Attending BCEdCamp is a great way to reflect on the past school year and to get energized for the upcoming year. BCEdCamp is open to all educators but does tend to have a focus on educational leadership. This is an opportunity for Principals, Teacher Leaders, and Instructional Coaches, and other leaders to learn from one another. Some topics that could be discussed are instructional frameworks, coaching models, ISASP, ESSA, classroom-level leaders, professional learning structures, personal development, blended learning, and collaboration structures.
Remember, the schedule of topics is set that day, so if you have a burning question or something you are eager to share with others, this is a great opportunity. Whether you are a new Instructional Coach or a seasoned leader, BCEdCamp will be a chance to network and learn from each other. The Benton Teacher Leadership Team works hard to make this a fun day of learning. Snacks and lunch will be available on site.
This is a free event! For more information or to register, go to https://tinyurl.com/bcedcamp19
This blog post is intended to accompany a podcast episode. Check out the "Remember Why You Started" podcast episode at the page linked above.
There are so many names that come to mind when I think about the people that helped guide me to be the leader I am today. I have been so fortunate in life to have a great tribe around me. I come from an amazing community that has always struck the perfect balance of finding ways to challenge me while always providing the necessary support. I went to a college that invested in me as a person and a future educator. I have the best friends that anyone could ask for. But above all, I come from an extraordinary family. The people that I am blessed enough to call family have influenced my every decision in life. In this entry I want to single out my mom and dad, these two individuals are hands-down the most influential people in helping me become the best version of myself.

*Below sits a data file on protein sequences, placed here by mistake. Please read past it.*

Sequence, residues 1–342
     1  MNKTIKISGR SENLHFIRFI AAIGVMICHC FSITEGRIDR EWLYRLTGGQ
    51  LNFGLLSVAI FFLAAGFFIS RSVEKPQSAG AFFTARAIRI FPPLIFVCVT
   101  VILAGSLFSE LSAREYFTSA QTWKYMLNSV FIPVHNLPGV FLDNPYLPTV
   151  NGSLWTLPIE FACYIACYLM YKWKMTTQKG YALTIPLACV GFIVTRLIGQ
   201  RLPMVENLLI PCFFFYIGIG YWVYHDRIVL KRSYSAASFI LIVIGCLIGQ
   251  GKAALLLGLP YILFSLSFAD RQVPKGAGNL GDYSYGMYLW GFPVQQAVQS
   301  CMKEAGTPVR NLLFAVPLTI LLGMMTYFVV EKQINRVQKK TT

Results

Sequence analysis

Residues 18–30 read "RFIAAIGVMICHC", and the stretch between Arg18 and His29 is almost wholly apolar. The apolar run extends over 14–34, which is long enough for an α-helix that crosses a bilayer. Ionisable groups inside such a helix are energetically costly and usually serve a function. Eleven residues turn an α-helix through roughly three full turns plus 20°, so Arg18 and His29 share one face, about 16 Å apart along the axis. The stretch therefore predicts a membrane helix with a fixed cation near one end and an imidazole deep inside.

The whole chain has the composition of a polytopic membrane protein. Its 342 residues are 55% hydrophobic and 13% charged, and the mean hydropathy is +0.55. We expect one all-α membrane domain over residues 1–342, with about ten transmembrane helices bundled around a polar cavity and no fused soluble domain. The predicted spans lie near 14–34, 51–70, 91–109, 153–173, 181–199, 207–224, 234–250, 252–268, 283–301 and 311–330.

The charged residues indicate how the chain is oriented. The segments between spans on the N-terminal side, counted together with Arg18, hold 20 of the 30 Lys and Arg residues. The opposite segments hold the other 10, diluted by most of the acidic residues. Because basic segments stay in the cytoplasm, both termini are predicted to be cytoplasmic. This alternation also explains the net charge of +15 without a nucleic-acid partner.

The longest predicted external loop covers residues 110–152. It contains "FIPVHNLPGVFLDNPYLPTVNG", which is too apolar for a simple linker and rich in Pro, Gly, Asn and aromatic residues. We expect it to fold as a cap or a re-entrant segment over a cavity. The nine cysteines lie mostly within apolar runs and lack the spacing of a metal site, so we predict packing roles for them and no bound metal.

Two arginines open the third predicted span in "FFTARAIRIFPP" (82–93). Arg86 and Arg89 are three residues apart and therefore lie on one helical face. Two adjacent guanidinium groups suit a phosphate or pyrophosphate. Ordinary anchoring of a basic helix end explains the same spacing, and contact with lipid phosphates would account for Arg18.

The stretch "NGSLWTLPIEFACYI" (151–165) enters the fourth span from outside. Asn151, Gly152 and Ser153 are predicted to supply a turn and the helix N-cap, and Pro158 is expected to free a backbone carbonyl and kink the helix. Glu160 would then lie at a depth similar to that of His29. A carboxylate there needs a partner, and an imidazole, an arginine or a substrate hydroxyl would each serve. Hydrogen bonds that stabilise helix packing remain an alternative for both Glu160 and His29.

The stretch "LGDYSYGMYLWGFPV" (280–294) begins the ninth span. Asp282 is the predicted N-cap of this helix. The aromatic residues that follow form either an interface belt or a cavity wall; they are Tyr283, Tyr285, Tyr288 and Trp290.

My dad is the hardest working person I have ever met. He commits 100% to whatever project he starts, whether it is his or someone else’s. He never operates from the mindset of just simply “getting things done”. When he commits, he gives you his best. Growing up he had one piece of advice on replay for my sisters and I, “If it is worth doing, it is worth doing right.”. That has stuck with me through life. As a leader, this mindset has helped me build trusting relationships with others. When I give you my word or join you on a journey, I am with you 100%. I will forever be grateful for my dad for instilling this mindset in me at a very young age.
My mom is the one who encouraged me to chase my passions in life. She wore so many hats for me growing up, but the one she was most proud of was being my number 1 cheerleader. She never missed a game while I was in high school. She knew that I loved the sport of basketball and told me that I was going to coach it someday because I was fueled by working with kids. So, low and behold, when I started coaching for Benton, my mom was, again, my loud and proud cheerleader in the bleachers for all home games! This summer she told me she was so proud of me because I was doing exactly what I always wanted to do in life...teach at Benton Community, create opportunities for other kids like my teachers did for me, and raise my boys to be involved in the community. If you are passionate about what you do, you are charged by something more powerful than money. Your jolt comes from the heart. My mom was passionate about finding what makes me tick and supporting that. I hope that I can find and support whatever makes others tick and support them through their journey.
In the first year of teacher leadership, instructional coaching was a job that I knew very little about as a classroom teacher. I had never been coached instructionally and I wasn’t exactly sure what this could or should look like. When I started to research and read about the vision for instructional coaching, I soon realized that I did, indeed, have an instructional coach. Her name was Sandi Gibney.